mro-curiosity-rover-pia21710-br2
HiRISE image shows the Curiosity Rover near the base of Mt. Sharp. The purple-blue dot near the center is the rover. The odd color of the rover is due to post-processing of the image. For comparison Curiosity is the size of a golf-cart (2.9m long x 2.7m wide).

The crisp image from HiRISE shows an unforgiving terrain. It looks forbidding and may be full of surprises. There was something about the rugged nature of the mountain, its ocher coloration, and the sense of loneliness I felt when I first saw the picture that made me think of the prophet Moses and that long-ago first climb of Mt. Sinai. I’m not sure why that Biblical event sprang to mind except that it offers a unique symbolism of humanity facing an unknown. Moses was a lonesome outcast, far from home in a bitter wilderness seeking truth and meaning to his life. He found an answer on the mountain, and was a different person when he returned from the summit.

It would be remarkable if Curiosity reached the summit of Mt. Sharp and surveyed the land all around it. What would its camera eyes see? And would its controllers have it come back down? If so, what discoveries would it bring back? Certainly not a burning bush or a robotic version of the Ten Commandments in hexadecimal format! But the journey upward will not be without reward, even if we just learn something about ourselves and our very human capabilities in the face of wonder.

 

(Note on image at top: mosaic “self-portrait” of the Mars Curiosity Rover composited and post-processed by NASA JPL. Mt. Sharp is to the left in the background.)

 

Summer Solstice

Summer Solstice

43.1610° N, 77.6109° W

Today, on this big spaceship called Earth, we are all participating in the summer solstice. It doesn’t matter where in the northern hemisphere we are, it started at dawn and will run until a very late sunset. The northern pole of our planet is tipped the full 23.5 degrees toward the Sun. Seen from the latitude and longitude above in Rochester, NY (and elsewhere) our parent star is as far north in the sky as it ever gets. As the planet turns the Sun’s path below our horizon is very short. This day is the longest of the year and consequently our night will be the shortest of the calendar year. Bad day for astronomy devotees!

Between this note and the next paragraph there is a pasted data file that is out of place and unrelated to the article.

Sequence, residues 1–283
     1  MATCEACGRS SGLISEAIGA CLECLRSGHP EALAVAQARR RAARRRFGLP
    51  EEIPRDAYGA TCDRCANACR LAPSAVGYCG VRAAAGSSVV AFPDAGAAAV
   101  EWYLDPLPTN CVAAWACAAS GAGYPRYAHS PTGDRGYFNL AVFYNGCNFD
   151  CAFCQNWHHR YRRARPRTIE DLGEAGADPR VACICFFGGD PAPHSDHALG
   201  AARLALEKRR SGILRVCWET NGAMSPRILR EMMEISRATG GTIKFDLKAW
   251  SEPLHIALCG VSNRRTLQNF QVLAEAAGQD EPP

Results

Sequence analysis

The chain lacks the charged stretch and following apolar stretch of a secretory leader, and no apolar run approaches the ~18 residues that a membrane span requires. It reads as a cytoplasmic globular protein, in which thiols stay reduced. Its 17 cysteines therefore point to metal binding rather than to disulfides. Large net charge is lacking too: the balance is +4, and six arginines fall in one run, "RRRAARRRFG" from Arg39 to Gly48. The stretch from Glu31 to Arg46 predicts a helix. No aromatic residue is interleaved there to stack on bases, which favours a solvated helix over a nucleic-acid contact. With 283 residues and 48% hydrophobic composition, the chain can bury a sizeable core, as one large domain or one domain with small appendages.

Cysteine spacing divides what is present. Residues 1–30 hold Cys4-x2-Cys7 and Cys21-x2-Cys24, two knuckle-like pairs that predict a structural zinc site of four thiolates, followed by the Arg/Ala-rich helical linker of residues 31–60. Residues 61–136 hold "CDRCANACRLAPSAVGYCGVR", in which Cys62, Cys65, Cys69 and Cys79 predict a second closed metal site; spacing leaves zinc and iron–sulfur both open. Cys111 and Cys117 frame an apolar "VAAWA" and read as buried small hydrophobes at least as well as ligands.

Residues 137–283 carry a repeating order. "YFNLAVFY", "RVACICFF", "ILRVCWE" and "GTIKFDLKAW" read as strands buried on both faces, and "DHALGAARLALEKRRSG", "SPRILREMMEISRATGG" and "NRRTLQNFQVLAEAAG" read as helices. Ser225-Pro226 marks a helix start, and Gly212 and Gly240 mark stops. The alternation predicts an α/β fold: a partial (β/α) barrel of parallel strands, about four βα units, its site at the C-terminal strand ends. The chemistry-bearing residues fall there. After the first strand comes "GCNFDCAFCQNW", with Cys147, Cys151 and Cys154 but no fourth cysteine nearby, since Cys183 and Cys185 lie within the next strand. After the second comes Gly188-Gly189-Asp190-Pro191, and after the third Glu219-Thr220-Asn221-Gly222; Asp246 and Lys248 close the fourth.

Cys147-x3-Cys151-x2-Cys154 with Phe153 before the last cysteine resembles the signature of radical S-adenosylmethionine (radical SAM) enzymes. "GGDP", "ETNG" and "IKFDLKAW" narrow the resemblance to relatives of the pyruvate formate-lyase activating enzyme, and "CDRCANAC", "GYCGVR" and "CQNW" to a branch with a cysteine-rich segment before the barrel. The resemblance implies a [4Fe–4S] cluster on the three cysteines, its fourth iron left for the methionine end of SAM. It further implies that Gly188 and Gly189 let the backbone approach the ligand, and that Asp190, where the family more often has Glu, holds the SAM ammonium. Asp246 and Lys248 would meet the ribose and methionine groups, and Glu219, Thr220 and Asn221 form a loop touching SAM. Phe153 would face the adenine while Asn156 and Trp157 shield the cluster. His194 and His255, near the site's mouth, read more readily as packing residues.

If you are a stargazer (or stargeezer, as in my case) and live above the Arctic Circle you will have no starry night this time of year. Right now, in the far north, the Sun never sets. Many people flock to destinations in Alaska and the Yukon to partake in this event. In their devotion they remind me a little of the ancient Druids at Stonehenge. Solstice tourism has seen a spike in recent years and I’ve considered going myself. And at an opposite extreme, if you are based in one of the many Antarctic outposts the night of June 21st will last a full 24 hours.

The summer solstice is the time of year when the Sun stops its northern ascent, pauses, looks around, and then trudges downhill again. It’s interesting that the word solstice comes from the Latin sol-stitium. This word literally means “sun-standing.”

Venture outward tonight into those short hours and look at the stars. Unlike the wintertime we can go out in tee-shirts and relax in lawn chairs. If the mosquitoes aren’t biting we might catch a meteor or two and see a few satellites stray past overhead. All while we enjoy a cool drink.

Happy Solstice, everyone!

 

(Note on illustration: “Stonehenge at Solstice Dawn” from the book Astronomy: The Cosmic Journey by William K. Hartmann, 1978, C. Wadsworth Publishing Co.)

…and new civilizations.

…and new civilizations.

To boldly go. Everyone knows those words. For many of us they introduced the future, and a promising one at that. And yet those three words are not trapped in a little amber bubble that represents some fictional time in the future. I would say those words are highly applicable not so much to the adventurers of novels or movies…whose treks pale in comparison to reality…but to historic travelers and seekers of all kinds who have voyaged outward to find new, fascinating horizons.

That was certainly the case with the mid-19th Century explorers John L. Stephens and Frederick Catherwood. The partners were in the vanguard of exploration of Central America’s Mayan ruins. In the 1840s the lost cities of that region were little more than rumor inextricably tied to the well-worn narratives of Spanish conquistadors. In 1839 the two men came to Central America as seasoned travelers.  They had spent many years independently exploring the ancient monuments of Greece, Italy, and Egypt. Keen observers, they brought this experience as well as fresh viewpoints to an area that had been given only limited scientific investigation. And what they discovered…not without cost…laid the groundwork for understanding not just the original peoples of the New World, but the very human capacity to create greatness even in the most challenging of environments.